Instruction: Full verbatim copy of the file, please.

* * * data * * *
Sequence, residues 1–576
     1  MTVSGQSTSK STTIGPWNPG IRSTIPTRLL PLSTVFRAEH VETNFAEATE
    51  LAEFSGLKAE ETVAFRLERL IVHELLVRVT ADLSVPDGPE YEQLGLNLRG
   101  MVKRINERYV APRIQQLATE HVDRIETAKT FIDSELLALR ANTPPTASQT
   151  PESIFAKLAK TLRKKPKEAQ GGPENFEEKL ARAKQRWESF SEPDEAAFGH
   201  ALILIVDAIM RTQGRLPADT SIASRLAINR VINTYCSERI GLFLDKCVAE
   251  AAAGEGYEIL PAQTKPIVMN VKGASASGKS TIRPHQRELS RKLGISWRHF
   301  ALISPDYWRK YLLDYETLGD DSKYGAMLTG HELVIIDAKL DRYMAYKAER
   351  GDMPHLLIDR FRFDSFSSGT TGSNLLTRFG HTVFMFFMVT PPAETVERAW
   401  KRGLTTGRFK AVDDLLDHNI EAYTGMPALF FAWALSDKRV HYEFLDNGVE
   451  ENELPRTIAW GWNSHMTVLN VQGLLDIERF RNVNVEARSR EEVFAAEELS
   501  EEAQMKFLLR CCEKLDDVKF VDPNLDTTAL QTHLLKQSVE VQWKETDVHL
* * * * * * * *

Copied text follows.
Sequence, residues 1–576
     1  MTVSGQSTSK STTIGPWNPG IRSTIPTRLL PLSTVFRAEH VETNFAEATE
    51  LAEFSGLKAE ETVAFRLERL IVHELLVRVT ADLSVPDGPE YEQLGLNLRG
   101  MVKRINERYV APRIQQLATE HVDRIETAKT FIDSELLALR ANTPPTASQT
   151  PESIFAKLAK TLRKKPKEAQ GGPENFEEKL ARAKQRWESF SEPDEAAFGH
   201  ALILIVDAIM RTQGRLPADT SIASRLAINR VINTYCSERI GLFLDKCVAE
   251  AAAGEGYEIL PAQTKPIVMN VKGASASGKS TIRPHQRELS RKLGISWRHF
   301  ALISPDYWRK YLLDYETLGD DSKYGAMLTG HELVIIDAKL DRYMAYKAER
   351  GDMPHLLIDR FRFDSFSSGT TGSNLLTRFG HTVFMFFMVT PPAETVERAW
   401  KRGLTTGRFK AVDDLLDHNI EAYTGMPALF FAWALSDKRV HYEFLDNGVE
   451  ENELPRTIAW GWNSHMTVLN VQGLLDIERF RNVNVEARSR EEVFAAEELS
   501  EEAQMKFLLR CCEKLDDVKF VDPNLDTTAL QTHLLKQSVE VQWKETDVHL